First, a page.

While this law poses some very obvious challenges to companies in areas of compensation and hiring practices, it has a less recognizable, but just as impactful meaning to qualified retirement plans. This impact comes in the way the 401(k)’s plan document defines compensation. In many of the plans we have seen, overtime compensation is often included in the plan’s definition of compensation. This means that everything from deferral percentages to company match will be impacted for employees who become non-exempt on December 1 and begin to receive overtime. Additionally, for plans that exclude overtime from the definition of compensation, that practice of exclusion could be considered discriminatory if it causes the plan’s definition of compensation to favor the highly compensated employee (HCE) group. Speaking of HCEs, the new rule also built in a 34% increase to the total annual compensation requirement needed to be an exempt HCE, upping the level to $134,004. It remains to be seen what, if any, impact that change will have on the qualified plan world’s HCE definition.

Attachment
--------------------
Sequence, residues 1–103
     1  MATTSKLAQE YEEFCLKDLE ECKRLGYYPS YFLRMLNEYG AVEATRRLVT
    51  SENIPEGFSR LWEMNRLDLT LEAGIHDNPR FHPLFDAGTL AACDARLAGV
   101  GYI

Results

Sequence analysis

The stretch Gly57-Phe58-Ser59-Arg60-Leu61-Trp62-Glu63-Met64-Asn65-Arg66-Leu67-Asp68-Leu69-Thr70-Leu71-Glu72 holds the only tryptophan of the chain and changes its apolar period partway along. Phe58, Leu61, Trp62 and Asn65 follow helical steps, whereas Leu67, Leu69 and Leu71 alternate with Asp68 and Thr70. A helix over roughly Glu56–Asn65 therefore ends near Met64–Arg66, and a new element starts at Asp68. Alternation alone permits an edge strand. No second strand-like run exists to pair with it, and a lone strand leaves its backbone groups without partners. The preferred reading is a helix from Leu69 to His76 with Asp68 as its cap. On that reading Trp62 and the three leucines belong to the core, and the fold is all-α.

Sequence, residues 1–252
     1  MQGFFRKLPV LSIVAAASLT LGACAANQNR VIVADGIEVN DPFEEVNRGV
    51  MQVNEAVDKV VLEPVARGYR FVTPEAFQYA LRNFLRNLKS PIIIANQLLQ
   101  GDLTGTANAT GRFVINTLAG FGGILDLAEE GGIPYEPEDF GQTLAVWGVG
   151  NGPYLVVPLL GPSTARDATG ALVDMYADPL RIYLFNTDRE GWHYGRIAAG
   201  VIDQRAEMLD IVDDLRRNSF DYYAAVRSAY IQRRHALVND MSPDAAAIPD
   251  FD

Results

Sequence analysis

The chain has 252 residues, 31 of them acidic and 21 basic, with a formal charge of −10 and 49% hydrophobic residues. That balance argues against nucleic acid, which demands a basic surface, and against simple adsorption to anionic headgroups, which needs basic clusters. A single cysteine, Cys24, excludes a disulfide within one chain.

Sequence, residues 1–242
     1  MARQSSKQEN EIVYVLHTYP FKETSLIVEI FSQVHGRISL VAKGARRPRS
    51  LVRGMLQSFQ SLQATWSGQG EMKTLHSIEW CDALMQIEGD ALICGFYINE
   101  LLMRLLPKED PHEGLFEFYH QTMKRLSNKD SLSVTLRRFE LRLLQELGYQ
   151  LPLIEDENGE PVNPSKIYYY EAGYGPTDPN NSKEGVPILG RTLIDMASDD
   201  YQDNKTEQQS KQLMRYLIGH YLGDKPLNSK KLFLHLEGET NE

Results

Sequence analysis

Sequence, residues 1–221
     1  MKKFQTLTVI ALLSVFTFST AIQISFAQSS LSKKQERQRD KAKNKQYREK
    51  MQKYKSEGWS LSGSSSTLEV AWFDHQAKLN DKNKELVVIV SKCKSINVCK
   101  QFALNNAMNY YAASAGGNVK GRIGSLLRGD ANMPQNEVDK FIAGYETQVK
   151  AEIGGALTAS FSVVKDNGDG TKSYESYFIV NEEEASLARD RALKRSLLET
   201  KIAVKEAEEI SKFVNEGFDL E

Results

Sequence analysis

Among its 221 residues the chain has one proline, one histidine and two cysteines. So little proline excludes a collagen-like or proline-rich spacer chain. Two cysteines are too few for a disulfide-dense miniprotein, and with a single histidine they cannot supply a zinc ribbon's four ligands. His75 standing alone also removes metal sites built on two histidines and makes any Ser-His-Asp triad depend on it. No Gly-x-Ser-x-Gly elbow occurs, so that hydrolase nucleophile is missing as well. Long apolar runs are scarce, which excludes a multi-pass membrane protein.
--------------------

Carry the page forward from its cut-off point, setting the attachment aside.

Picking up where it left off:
What can you do to get ahead of the December 1st deadline? Read your plan’s document to make sure that you have a good understanding of your definition of compensation. Reach out to your payroll provider to make sure they are ready to accommodate the changes. Review your employee demographics to determine the potential impact to your company’s bottom line. Possibly and most importantly, partner with professionals in the benefit world to help you analyze this change and the other changes that are sure to come your way.